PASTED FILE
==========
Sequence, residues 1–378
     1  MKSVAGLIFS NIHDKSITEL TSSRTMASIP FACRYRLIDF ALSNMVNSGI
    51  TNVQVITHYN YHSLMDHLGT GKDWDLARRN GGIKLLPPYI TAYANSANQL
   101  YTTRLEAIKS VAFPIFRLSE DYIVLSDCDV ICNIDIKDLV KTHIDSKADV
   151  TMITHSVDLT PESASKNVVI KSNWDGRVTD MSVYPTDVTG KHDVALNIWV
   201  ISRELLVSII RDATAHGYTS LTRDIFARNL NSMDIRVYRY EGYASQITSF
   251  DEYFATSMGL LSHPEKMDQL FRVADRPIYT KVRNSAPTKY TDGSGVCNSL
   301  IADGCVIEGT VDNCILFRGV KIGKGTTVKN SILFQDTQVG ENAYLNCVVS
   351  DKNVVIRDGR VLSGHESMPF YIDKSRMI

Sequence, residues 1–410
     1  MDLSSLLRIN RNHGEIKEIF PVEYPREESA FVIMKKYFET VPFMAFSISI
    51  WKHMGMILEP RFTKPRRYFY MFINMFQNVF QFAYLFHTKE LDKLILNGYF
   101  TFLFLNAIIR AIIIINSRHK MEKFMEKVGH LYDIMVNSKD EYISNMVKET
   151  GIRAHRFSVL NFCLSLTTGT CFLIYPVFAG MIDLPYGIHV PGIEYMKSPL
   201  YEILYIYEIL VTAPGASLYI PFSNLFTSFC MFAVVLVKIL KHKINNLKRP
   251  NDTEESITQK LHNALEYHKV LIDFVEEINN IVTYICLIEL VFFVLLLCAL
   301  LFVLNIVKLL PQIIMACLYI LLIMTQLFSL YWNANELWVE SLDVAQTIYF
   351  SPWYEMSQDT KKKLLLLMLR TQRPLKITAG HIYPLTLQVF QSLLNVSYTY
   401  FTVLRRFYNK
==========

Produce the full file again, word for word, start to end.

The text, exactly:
Sequence, residues 1–378
     1  MKSVAGLIFS NIHDKSITEL TSSRTMASIP FACRYRLIDF ALSNMVNSGI
    51  TNVQVITHYN YHSLMDHLGT GKDWDLARRN GGIKLLPPYI TAYANSANQL
   101  YTTRLEAIKS VAFPIFRLSE DYIVLSDCDV ICNIDIKDLV KTHIDSKADV
   151  TMITHSVDLT PESASKNVVI KSNWDGRVTD MSVYPTDVTG KHDVALNIWV
   201  ISRELLVSII RDATAHGYTS LTRDIFARNL NSMDIRVYRY EGYASQITSF
   251  DEYFATSMGL LSHPEKMDQL FRVADRPIYT KVRNSAPTKY TDGSGVCNSL
   301  IADGCVIEGT VDNCILFRGV KIGKGTTVKN SILFQDTQVG ENAYLNCVVS
   351  DKNVVIRDGR VLSGHESMPF YIDKSRMI

Sequence, residues 1–410
     1  MDLSSLLRIN RNHGEIKEIF PVEYPREESA FVIMKKYFET VPFMAFSISI
    51  WKHMGMILEP RFTKPRRYFY MFINMFQNVF QFAYLFHTKE LDKLILNGYF
   101  TFLFLNAIIR AIIIINSRHK MEKFMEKVGH LYDIMVNSKD EYISNMVKET
   151  GIRAHRFSVL NFCLSLTTGT CFLIYPVFAG MIDLPYGIHV PGIEYMKSPL
   201  YEILYIYEIL VTAPGASLYI PFSNLFTSFC MFAVVLVKIL KHKINNLKRP
   251  NDTEESITQK LHNALEYHKV LIDFVEEINN IVTYICLIEL VFFVLLLCAL
   301  LFVLNIVKLL PQIIMACLYI LLIMTQLFSL YWNANELWVE SLDVAQTIYF
   351  SPWYEMSQDT KKKLLLLMLR TQRPLKITAG HIYPLTLQVF QSLLNVSYTY
   401  FTVLRRFYNK